Welcome all new and returning graduate students across the University of Washington tri-campus! You bring rich and unique experiences to the university, whether you have recently moved to Washington state from another part of the U.S. or the world, have just completed an internship, fieldwork, a fellowship, or are further along in your capstone or research project. And your lives are not just about your studies or putting in lab or teaching hours—many of you also have families and strong connections with your communities, work off and on campus, and enjoy varied hobbies and interests. You are all a vital part of the university ecosystem. As you enter the new quarter, consider the following strategies to help you get started on the right foot.
What you’re feeling is normal. Graduate school can bring up feelings of excitement, anxiety, fear, or homesickness. You are definitely not alone in this, as many of your peers have experienced similar feelings. Academia can also make you feel like you are not smart enough or capable enough (aka imposter syndrome). This is simply not true. Whenever you’re in doubt, remember that you do belong at the University of Washington. You are in graduate school to enhance or change your career, provide for your family, or make important contributions to your discipline or industry.
Find your people. Graduate school can open up positive opportunities for your intellectual, professional, and interpersonal growth, yet it can also be challenging, stressful and isolating at times. With this in mind, we encourage you to seek out ways to connect with peers in a variety of settings. Network with peers at departmental and campus events. Join or start a local meetup group based on shared interests and connect with peers on the UW Graduate Students facebook page. Consider co-organizing a potluck with members of your cohort—you end up saving money and food always brings people together.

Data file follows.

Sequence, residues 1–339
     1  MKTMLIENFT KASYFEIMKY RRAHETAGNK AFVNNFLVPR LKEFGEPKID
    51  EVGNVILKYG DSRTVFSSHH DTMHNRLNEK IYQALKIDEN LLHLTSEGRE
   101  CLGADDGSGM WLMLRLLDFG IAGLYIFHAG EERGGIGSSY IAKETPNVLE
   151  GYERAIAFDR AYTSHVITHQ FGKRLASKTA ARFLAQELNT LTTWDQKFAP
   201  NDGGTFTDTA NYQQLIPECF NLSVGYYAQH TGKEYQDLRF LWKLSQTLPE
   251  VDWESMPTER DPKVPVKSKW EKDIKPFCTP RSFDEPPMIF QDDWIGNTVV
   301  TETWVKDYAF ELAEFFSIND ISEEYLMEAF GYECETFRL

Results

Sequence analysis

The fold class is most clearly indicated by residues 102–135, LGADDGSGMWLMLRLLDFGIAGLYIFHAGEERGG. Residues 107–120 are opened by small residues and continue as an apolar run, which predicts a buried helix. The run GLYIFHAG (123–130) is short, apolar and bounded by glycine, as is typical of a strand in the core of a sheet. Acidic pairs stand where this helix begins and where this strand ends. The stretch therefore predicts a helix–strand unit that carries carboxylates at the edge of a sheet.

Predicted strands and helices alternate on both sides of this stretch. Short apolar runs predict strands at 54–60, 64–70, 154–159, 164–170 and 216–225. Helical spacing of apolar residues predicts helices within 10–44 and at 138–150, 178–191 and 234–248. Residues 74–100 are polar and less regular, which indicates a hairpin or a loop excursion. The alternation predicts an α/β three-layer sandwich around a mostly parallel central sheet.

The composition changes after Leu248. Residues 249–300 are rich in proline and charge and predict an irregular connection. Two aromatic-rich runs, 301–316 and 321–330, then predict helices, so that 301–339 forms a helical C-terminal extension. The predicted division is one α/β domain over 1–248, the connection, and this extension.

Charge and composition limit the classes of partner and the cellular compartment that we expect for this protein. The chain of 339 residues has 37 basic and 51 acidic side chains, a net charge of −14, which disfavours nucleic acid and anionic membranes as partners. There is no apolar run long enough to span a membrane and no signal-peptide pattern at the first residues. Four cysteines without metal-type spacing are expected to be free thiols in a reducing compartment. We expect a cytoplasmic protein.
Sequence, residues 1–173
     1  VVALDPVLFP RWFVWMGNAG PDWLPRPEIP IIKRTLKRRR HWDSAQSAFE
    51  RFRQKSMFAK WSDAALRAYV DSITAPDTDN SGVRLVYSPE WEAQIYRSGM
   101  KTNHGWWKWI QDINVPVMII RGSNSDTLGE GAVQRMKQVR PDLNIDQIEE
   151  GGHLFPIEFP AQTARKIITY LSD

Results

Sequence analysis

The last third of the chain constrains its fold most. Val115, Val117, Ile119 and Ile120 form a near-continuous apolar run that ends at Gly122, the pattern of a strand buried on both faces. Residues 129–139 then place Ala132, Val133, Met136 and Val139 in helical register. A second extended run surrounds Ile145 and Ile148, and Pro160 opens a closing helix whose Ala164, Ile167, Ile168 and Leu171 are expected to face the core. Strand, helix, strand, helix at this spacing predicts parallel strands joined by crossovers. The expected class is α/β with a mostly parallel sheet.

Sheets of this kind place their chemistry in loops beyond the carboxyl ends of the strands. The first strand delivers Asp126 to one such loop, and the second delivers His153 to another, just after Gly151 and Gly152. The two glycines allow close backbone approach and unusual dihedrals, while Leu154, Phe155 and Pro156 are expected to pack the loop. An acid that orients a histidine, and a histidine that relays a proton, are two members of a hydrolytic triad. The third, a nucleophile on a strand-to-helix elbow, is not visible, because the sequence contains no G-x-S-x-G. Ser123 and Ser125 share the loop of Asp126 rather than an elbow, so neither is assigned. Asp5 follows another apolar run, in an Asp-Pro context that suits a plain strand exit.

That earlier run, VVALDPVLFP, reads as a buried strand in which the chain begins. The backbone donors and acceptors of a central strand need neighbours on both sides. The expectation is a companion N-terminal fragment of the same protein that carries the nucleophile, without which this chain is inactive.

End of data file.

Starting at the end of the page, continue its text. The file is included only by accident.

Take it one step at a time. For the past few weeks, you have participated in orientations, received lots of information about student resources and program requirements—and if you’re new to the Puget Sound region—navigated finding a place to live, while managing any number of daily living errands. When you find yourself feeling overwhelmed, pause for a moment to take a few deep breaths. Get in the habit of reminding yourself that it’s neither sustainable nor realistic to do it all right now. To organize your days and weeks, use a time management tool such as a paper planner, app, or online calendar. Break down big projects into smaller, more manageable tasks. And remember to reward yourself when you finish a task.
We hope you find these tips useful, and let us know what has worked for you!
Core Programs—Office of Graduate Student Affairs
The Graduate School